The blind leading the seeing
Published: Wednesday, October 16, 2013
Updated: Wednesday, October 16, 2013 23:10
Extreme athlete Bobby McMullen encouraged students to live life to the fullest and spoke about the importance of relying on the help of others during Common Hour on Wednesday in the TSC Ballroom.
McMullen, who is a downhill mountain bike racer and champion alpine skier, is a little different from most athletes. What separates him from them is that he has had Type 1 diabetes, lost 80 percent of his vision, received two organ transplants and had open heart surgery, as well as many other intense surgeries. He has broken more bones than he could count.
“I’m like a cockroach,” McMullen said. “Nothing can kill me.”
McMullen spoke about overcoming adversity through mild and difficult challenges.
“No matter what happens, you're going to survive, and when you think you’re facing the worst of it, there is always something that could make it a little bit worse, a little bit harder, and I think we’re at our best sometimes when we are faced with those difficulties because then we again have that choice of, ‘Do I change who I am, or do I become that person that no one wants to be around?’” McMullen said.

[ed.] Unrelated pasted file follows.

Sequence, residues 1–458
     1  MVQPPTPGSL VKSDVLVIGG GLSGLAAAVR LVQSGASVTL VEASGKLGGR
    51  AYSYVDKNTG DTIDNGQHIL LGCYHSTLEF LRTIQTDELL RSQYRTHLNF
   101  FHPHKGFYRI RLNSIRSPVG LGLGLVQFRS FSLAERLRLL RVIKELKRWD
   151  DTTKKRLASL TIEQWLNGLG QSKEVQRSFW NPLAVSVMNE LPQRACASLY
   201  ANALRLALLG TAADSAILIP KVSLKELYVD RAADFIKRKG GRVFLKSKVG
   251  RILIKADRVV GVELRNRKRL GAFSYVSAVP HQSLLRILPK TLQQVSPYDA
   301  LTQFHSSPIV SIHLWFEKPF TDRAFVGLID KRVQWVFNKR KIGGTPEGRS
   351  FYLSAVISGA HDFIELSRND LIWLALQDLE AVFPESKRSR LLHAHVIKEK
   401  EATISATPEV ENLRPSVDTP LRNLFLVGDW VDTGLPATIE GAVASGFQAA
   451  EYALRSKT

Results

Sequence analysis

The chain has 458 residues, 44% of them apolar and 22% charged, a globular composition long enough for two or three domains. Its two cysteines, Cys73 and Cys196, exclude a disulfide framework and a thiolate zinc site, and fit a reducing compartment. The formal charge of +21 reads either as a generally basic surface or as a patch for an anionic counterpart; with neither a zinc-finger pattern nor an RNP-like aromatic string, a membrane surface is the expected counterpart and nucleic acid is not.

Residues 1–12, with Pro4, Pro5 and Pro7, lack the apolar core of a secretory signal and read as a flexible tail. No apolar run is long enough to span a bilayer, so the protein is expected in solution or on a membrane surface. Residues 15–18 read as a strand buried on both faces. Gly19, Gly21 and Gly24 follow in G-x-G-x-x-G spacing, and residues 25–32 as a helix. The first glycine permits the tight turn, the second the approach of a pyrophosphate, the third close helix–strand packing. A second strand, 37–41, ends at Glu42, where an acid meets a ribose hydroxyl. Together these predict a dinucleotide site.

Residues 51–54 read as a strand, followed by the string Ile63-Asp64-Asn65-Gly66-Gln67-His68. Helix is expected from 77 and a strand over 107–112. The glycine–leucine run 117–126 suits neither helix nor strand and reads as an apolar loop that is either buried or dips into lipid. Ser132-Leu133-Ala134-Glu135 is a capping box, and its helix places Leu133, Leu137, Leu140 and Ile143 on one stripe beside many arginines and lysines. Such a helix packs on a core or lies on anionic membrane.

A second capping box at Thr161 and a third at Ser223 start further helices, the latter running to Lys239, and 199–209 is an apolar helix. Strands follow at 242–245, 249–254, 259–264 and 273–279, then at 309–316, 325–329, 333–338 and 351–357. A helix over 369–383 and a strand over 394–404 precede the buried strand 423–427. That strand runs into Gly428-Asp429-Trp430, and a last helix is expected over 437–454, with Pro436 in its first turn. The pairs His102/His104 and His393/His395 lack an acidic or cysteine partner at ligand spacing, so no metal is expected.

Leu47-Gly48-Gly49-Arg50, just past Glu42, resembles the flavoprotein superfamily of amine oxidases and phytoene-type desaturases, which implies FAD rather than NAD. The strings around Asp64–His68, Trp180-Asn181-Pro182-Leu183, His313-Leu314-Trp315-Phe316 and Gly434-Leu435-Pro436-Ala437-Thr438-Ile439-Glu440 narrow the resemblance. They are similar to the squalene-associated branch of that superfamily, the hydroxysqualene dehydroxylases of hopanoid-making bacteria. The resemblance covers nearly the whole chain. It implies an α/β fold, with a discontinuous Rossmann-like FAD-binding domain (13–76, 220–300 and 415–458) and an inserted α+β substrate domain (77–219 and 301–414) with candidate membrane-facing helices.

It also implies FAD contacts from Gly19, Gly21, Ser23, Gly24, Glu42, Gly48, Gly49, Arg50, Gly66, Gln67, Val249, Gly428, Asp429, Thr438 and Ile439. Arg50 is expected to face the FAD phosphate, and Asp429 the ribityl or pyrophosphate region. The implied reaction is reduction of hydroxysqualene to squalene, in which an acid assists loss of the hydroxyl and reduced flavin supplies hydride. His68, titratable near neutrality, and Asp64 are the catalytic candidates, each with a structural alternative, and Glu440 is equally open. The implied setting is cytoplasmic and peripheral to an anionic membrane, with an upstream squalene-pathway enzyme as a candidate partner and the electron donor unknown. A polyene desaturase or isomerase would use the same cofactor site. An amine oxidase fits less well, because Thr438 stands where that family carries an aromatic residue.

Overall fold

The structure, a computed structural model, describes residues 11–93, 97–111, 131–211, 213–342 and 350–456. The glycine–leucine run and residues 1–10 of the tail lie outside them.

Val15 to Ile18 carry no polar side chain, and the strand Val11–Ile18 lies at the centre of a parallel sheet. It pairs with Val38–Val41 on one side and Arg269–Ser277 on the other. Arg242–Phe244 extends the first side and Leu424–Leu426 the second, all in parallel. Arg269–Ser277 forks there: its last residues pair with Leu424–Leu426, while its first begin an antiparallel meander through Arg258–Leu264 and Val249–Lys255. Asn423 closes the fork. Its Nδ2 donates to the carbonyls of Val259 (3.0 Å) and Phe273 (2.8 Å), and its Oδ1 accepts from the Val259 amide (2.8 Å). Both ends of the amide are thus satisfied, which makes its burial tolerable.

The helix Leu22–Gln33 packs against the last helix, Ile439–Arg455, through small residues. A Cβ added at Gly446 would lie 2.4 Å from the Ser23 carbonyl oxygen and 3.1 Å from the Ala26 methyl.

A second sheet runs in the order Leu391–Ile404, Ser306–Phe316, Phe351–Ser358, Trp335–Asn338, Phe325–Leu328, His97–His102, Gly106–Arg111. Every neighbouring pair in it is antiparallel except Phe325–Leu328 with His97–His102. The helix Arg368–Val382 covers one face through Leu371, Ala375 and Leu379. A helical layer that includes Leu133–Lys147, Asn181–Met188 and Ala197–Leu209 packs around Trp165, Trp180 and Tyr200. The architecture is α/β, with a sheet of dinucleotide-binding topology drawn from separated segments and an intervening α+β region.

McMullen later discussed in detail how he chose to live his life 10 percent better each day.
”I don’t know if this is it, but if it is, I’m going to make it count,” he said.
Talking at length about living life to the fullest and putting in the extra effort to make each day count, McMullen asked the following question:
“What if we as a whole, what if individually, you did something and you stepped up your game a little bit, step it up 25 percent or even 75 percent, what could be accomplished?” he asked.
This question hit student Dylan Phillips, a junior majoring in international business.
“It’s amazing how you can come back from anything I guess, and I don't know live your life… not necessarily like it’s your last, but just to like, live it well and be in the moment,” Phillips said.